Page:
Teach Teen Girls to Avoid Rape
The belief that most rapes occur at the hands of a faceless stranger in a dark alley couldn’t be further from the truth. Most rapes involve someone the victim knows. Unfortunately, date rape is far too common among teenagers. It is very important that parents discuss sexual violence and date rape with their teens. Parents should cover these basic ideas:
- Explain that date rape is when somebody you know—a boyfriend or girlfriend, a friend, a classmate, or even someone you just met—uses coercion (including drugs or alcohol), violence, or threats to force or pressure you into unwanted oral, vaginal, or anal sex.
- Make it clear that your teen should not accept any form of violence and that sexual violence is never their fault. Two common rape myths perpetuated in our culture are that a rape victim did something wrong or that she was “asking for it” – don’t let her fall for these ridiculous rationalizations.
- Warn your teen about Rohypnol, the “date rape” drug, and make her aware that this drug is colorless, odorless and will make her inhibitions low in a matter of minutes.
- Encourage your teen to make a pact with her girlfriends to watch out for each other.
- Make it clear, without a doubt, that your teen can come to you for help in ANY situation.
RAINN (Rape, Abuse & Incest National Network), the nation’s largest anti-sexual violence organization, has put together a list of safety tips to help young women stay safe, minimize risk, and protect herself from situations that have the potential to become dangerous. The following tips are from RAINN:
- Trust your instincts and be yourself. If you feel unsafe, or even uncomfortable, in any situation, go with your gut. Don’t worry about what others think; your own safety comes first.
- Stick with your friends and watch out for each other. If you attend a party, arrive together, check in with one another frequently throughout the night, and leave together. Think twice about going off alone or with someone, and if, for whatever reason, you have to separate from your friends, let them know where you are going and who you are with.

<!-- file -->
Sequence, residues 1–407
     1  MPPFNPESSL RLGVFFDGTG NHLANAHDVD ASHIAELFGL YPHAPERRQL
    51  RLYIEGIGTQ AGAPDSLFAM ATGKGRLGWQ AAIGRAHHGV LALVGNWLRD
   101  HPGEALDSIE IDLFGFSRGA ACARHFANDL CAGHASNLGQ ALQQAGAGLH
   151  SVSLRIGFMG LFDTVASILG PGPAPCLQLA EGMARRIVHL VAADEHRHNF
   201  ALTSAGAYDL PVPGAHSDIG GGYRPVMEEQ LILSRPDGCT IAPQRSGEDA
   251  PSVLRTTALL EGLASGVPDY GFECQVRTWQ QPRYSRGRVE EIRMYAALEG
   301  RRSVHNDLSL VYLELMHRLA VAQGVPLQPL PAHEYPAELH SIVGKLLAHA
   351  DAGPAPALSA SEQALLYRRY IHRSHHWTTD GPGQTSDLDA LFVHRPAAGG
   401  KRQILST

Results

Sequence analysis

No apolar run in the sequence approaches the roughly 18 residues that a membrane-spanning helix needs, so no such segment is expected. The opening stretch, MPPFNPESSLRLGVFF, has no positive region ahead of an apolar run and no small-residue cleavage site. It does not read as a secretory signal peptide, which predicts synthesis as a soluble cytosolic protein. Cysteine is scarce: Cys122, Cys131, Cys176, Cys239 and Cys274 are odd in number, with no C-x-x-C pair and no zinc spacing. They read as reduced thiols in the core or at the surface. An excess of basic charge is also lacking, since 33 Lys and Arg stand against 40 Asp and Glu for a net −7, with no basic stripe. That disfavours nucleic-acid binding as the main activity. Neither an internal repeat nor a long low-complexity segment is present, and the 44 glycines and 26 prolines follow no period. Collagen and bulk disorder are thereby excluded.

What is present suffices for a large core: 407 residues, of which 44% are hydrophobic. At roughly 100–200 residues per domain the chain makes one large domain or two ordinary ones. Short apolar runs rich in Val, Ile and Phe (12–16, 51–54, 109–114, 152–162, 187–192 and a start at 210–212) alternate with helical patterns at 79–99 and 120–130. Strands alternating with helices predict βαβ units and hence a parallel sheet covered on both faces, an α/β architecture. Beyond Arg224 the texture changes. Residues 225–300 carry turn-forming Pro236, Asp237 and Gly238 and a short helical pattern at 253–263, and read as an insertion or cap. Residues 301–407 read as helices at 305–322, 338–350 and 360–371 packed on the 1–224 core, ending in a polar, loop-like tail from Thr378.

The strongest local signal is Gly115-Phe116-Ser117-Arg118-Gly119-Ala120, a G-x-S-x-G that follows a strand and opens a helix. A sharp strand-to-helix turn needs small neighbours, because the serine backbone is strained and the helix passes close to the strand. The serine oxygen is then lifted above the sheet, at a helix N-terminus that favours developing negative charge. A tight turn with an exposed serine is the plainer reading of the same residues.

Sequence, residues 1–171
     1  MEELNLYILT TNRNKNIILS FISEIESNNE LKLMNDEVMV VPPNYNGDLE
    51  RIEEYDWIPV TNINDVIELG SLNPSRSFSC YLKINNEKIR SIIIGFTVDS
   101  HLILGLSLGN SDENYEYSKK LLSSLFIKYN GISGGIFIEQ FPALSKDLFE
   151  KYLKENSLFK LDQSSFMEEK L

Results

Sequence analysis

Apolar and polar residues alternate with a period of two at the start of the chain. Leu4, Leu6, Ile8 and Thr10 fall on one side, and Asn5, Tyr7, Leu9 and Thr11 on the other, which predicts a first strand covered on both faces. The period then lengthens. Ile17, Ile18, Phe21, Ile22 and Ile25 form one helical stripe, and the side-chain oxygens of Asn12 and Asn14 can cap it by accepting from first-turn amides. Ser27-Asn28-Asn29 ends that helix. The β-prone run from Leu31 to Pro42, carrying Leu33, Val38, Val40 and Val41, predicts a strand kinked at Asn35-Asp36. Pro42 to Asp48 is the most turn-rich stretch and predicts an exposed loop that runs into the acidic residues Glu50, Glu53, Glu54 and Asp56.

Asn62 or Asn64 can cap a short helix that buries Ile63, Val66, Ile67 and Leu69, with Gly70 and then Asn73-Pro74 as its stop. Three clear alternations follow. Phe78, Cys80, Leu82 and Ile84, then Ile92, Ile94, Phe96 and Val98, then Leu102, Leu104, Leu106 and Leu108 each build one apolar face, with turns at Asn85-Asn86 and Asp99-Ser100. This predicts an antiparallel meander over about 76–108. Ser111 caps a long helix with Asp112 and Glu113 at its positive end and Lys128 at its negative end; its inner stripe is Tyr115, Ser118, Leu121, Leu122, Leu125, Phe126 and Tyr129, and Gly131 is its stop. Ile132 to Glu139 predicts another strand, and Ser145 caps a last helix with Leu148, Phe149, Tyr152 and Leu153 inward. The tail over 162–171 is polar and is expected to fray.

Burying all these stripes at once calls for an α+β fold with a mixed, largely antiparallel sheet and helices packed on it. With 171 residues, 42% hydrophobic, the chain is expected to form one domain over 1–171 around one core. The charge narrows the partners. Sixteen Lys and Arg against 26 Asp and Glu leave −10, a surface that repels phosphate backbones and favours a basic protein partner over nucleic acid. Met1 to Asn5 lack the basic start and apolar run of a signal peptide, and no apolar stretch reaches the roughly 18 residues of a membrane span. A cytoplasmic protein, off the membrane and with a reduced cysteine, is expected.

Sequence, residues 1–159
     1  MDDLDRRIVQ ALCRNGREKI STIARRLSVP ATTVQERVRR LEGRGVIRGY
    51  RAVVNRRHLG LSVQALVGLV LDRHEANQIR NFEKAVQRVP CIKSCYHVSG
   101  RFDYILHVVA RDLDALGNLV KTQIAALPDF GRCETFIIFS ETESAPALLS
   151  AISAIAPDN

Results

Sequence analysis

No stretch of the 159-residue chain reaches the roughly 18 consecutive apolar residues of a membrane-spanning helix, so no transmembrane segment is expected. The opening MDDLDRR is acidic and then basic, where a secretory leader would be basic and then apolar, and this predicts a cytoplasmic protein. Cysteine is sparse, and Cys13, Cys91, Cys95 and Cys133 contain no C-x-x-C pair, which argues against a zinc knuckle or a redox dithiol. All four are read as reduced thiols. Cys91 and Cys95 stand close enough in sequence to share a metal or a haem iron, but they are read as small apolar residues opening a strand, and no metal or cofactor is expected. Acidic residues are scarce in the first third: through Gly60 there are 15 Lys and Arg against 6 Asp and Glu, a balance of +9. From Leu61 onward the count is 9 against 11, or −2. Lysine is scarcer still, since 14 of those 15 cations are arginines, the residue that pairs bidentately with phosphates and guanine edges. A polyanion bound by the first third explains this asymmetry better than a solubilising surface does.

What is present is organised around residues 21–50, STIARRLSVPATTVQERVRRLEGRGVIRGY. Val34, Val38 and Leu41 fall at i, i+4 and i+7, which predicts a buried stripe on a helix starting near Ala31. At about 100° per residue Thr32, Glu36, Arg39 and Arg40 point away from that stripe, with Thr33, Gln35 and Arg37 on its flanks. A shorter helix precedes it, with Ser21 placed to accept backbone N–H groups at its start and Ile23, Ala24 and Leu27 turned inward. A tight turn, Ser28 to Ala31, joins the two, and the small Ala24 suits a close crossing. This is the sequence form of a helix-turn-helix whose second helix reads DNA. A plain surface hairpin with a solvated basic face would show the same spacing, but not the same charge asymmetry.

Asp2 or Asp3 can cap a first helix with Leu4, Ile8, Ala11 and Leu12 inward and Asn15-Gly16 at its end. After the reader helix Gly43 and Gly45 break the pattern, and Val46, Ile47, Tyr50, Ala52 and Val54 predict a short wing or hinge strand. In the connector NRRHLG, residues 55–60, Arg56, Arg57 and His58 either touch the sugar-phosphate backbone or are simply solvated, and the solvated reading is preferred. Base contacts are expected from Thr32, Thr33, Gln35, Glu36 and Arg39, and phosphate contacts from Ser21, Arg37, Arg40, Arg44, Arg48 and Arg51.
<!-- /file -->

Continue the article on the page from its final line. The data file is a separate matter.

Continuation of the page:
- Use your cell phone as a tool. Make sure it’s fully charged before you leave home, and if you find yourself in an uncomfortable situation, shoot a quick text for a “friend-assist.” Make a plan before you go out just in case your phone dies, so you can meet up with your friends at a specific location at a certain time. You might consider coming up with a “keyword” with a friend so that they will know if you are in trouble. You should have phone numbers of people you can trust (sibling, parent, neighbor, etc.) to call in an emergency.
- Be careful when leaving “status” or “away” messages online and when using the “check-in” feature on Facebook or Foursquare. Leaving information about your whereabouts reveals details that are accessible to everyone. Use common sense so that someone can’t track your every move. If you wouldn’t give the information to a stranger, then don’t put it on your online profile.
- Wait for people to earn your trust. Don’t assume people you’ve just met will look out for your best interests; remember that they are essentially strangers.
- Don’t be afraid to hurt someone’s feelings. If you find yourself in an unsafe situation it’s alright to make up an excuse as to why you have to go. It’s better to make up a reason to leave than to stay in a possibly dangerous situation. Your safety comes before someone else’s feelings.
- If you see something, say something! Intervene if a situation seems questionable or if someone’s safety is at risk. By taking action, you can prevent a crime from being committed. Remember, you can also contact a trusted adult or the police if you do not feel that it is safe for you to step in.
- Avoid drugs and alcohol. Despite widespread publicity about “date rape” drugs, alcohol remains the most common substance associated with sexual assault, according to law enforcement officials. You should avoid alcohol so that you are thinking completely logically. Also, do NOT accept drinks from people who you don’t know or trust, and never leave your drink unattended. If you have left your drink alone, get a new one. Always watch your drink being prepared. At parties, stick to drinks you got or prepared yourself instead of common open containers like punch bowls.
- Watch out for your friends. If a friend seems out of it, or is acting out of character, get him or her to a safe place. If you suspect that you or a friend has been drugged, call 911. Be explicit with doctors so they can administer the correct tests. If a friend seems under pressure from someone, make up an excuse why you all need to leave.
- Be aware of your surroundings. Whether you’re walking home from the library or at a party, be mindful of potential risks. Get to know your surroundings and learn a well-lit route to safe places. Think of a safe exit strategy. Are there people around who might be able to help you? Is there a business or home you can go to along your route?